Source: European Respiratory Journal - June 7, 2018 Category: Respiratory Medicine Authors: Sun, Y.-Q., Brumpton, B. M., Bonilla, C., Lewis, S. J., Burgess, S., Skorpen, F., Chen, Y., Nilsen, T. I. L., Romundstad, P. R., Mai, X.-M. Tags: Lung cancer Original Articles: Cancer Source Type: research

Risk factors for lung disease progression in children with cystic fibrosis
To identify potential risk factors for lung disease progression in children with cystic fibrosis (CF), we studied the longitudinal data of all children with CF (aged ≥5 years) registered in the Dutch CF Registry (2009–2014). Lung disease progression was expressed as a decline in lung function (forced expiratory volume in 1 s (FEV1) % pred) and pulmonary exacerbation rate. Potential risk factors at baseline included sex, age, best FEV1 % pred, best forced vital capacity % pred, genotype, body mass index z-score, pancreatic insufficiency, medication use (proton pump inhibitors (PPIs), prophylactic antibiot...
Source: European Respiratory Journal - June 7, 2018 Category: Respiratory Medicine Authors: van Horck, M., van de Kant, K., Winkens, B., Wesseling, G., Gulmans, V., Hendriks, H., van der Grinten, C., Jöbsis, Q., Dompeling, E. Tags: CF and non-CF bronchiectasis Original Articles: Paediatrics Source Type: research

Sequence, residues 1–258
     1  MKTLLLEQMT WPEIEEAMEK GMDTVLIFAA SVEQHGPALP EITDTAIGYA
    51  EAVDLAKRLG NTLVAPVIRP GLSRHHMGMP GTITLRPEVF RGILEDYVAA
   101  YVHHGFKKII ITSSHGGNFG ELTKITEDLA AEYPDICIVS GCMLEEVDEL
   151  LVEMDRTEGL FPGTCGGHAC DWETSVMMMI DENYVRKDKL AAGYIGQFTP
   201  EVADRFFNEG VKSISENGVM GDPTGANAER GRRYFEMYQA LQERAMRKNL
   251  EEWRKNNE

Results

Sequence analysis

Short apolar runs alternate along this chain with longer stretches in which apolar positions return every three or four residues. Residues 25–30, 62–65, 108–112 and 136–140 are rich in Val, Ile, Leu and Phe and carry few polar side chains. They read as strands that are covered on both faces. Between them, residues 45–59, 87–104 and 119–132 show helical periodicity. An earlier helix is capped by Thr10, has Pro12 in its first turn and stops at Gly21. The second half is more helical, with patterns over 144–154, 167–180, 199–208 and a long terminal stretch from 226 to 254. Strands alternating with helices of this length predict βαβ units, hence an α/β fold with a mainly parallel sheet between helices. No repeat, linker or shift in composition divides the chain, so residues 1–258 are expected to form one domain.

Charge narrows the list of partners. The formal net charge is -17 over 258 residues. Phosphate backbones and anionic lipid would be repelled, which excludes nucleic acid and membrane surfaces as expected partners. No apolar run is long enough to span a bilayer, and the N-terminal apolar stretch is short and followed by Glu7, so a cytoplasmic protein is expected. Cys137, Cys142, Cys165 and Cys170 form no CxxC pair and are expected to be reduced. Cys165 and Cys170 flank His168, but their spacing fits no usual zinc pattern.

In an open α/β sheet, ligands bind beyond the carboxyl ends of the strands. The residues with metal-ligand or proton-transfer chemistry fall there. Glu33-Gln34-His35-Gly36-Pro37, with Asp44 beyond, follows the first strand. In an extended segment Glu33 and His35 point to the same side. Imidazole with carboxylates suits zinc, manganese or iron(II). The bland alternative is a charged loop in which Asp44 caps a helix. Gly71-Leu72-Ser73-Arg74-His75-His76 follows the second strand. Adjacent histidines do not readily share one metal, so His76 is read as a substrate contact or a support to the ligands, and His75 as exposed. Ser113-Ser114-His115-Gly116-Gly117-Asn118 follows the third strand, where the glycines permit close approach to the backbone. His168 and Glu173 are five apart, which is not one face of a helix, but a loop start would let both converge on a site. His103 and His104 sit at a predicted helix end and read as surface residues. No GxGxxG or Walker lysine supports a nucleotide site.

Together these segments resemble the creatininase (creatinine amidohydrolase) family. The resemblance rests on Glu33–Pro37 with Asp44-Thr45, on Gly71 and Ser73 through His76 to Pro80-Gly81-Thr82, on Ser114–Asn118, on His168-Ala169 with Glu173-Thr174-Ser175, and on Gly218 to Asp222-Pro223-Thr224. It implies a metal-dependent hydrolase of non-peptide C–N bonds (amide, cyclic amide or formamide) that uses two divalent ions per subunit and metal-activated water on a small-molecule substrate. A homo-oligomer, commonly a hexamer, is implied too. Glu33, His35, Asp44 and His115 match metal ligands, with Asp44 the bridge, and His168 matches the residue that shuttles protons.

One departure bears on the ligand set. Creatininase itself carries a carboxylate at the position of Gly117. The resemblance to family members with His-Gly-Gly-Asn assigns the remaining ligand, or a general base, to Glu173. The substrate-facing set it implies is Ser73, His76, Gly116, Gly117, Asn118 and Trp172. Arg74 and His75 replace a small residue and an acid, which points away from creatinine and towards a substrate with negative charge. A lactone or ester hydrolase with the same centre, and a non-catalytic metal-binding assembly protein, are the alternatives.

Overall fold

Personalised CFTR pharmacotherapeutic response testing and therapy of cystic fibrosis
Cystic fibrosis (CF) is a fatal, multisystem, genetic disorder caused by mutations in the cystic fibrosis transmembrane conductance regulator (CFTR), a chloride transporter critical to luminal fluid homeostasis at respiratory airway and other ductal epithelial surfaces. Therapeutic options for some CF patients were transformed by the approval of ivacaftor and lumacaftor/ivacaftor, which are indicated, respectively, for patients heterozygous for a subset of rare class III mutations [1] or homozygous for the common class II mutation Phe508del [2]. Notwithstanding, more than 40% of CF patients do not meet the CFTR mutation-sp...
Source: European Respiratory Journal - June 7, 2018 Category: Respiratory Medicine Authors: McCarthy, C., Brewington, J. J., Harkness, B., Clancy, J. P., Trapnell, B. C. Tags: Original Articles: Research letters Source Type: research

Tobacco smoke exposure in early life and adolescence in relation to lung function